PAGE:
BENTONVILLE -- There will be a race for the Benton County prosecuting attorney's job, with two people filing so far this week to get on the March 5 ballot.
Bryan Sexton, the chief deputy of the Prosecuting Attorney's Office, filed Monday. Sarah Phillips, a former Benton County deputy prosecutor, filed Wednesday.
The nonpartisan position came open after Nathan Smith resigned from the office last month to take a position with Walmart.
Sexton, 45, of Bentonville has been a member of the Benton County Prosecuting Attorney's Office for 17 years and has handled homicides, gang and sex crimes, and drug cases during his career.
He was hired in 2006 and was the deputy prosecutor for seven years in both the county's drug court and veterans court programs.
Sexton said he's conducted officer training with the Northwest Arkansas Community College Child Advocacy Studies program to help officers investigate and combat child abuse.
"Benton County is my home, and I've been blessed to serve its people," Sexton said. "I want to ensure that this community remains the vibrant and growing place I love. I will lead an office that supports the efforts of our law enforcement community and protects our children and the defenseless by putting violent and sexual offenders behind bars."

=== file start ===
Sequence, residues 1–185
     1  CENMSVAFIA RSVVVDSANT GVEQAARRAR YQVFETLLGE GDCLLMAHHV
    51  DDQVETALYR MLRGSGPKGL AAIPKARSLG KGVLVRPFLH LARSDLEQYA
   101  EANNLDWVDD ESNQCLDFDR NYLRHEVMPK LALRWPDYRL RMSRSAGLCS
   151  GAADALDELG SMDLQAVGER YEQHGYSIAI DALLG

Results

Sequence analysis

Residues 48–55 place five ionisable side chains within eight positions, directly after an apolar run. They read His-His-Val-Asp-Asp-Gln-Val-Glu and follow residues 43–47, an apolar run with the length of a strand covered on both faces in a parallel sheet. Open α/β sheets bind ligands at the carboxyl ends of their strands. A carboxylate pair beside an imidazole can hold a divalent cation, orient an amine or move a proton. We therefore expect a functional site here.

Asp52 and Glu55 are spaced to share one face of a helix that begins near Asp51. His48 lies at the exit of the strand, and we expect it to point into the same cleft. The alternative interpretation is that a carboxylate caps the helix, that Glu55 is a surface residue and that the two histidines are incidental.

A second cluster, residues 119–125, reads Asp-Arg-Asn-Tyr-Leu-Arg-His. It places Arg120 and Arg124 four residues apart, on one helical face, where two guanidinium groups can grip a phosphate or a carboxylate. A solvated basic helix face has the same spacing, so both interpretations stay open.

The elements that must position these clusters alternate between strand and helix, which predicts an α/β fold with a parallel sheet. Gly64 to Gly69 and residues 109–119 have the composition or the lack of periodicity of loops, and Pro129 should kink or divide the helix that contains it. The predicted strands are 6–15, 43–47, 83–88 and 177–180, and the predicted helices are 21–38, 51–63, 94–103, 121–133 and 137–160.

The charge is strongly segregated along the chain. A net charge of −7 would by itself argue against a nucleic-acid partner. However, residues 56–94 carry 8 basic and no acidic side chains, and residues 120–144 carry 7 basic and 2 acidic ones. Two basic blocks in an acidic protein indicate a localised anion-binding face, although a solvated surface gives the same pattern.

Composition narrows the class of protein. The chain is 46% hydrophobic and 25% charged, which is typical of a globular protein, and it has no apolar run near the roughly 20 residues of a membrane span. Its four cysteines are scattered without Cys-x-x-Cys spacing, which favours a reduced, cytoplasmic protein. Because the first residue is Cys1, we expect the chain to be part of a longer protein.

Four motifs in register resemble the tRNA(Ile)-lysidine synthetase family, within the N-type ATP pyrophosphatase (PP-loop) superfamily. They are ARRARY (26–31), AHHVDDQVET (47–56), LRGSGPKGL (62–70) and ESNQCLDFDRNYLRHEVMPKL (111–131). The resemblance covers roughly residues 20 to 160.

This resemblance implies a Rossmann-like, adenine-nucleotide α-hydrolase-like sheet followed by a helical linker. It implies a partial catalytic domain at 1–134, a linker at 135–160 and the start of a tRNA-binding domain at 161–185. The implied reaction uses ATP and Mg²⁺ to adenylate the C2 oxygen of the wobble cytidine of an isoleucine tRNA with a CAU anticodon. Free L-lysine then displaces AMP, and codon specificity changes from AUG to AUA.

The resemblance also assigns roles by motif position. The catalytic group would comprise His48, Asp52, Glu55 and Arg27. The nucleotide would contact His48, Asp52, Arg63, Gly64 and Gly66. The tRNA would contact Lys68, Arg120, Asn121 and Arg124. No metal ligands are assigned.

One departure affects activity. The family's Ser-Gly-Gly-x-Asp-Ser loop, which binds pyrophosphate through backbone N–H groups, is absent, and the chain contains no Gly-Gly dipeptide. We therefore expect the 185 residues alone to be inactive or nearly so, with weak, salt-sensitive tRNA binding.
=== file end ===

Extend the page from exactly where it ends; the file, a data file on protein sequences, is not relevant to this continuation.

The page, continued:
Sexton is a magna cum laude graduate of Harding University and graduated from the University of Arkansas School of Law. He is a member of the Benton County Bar Association and the Arkansas Bar Association. He and his wife Jennifer have been married for 13 years and have one son.
Phillips, 31, of Rogers was a deputy prosecutor and was assigned to handle sex crimes involving children.
Phillips currently works as a senior manager of the global Threat Management Team at Walmart, where she works to identify and prevent violence against people and businesses. She consults with law enforcement, prosecutors, mental health professionals, corporate security experts and parole personnel across the United States.
School safety will be one of her top priorities, she said.
"We cannot allow our investment in our schools and hometown to become scarred by the violence and crime that accompany other cities' population growth," Phillips said. "I agree with those who say our criminal justice system takes too long to help innocent victims of crime. I believe we should give victims a voice in the punishment phase and at parole hearings."
Phillips attended the University of Arkansas School of Law and the Fulbright Honors College.
The elected prosecutor will take office Jan. 1, 2025, and will serve the remainder of Smith's term, which runs through 2026.
Gov. Sarah Huckabee Sanders appointed Joshua Robinson on Oct. 30 to serve as interim prosecuting attorney. Robinson was the senior deputy prosecuting attorney for the office.
The filing period runs until 3 p.m. Tuesday.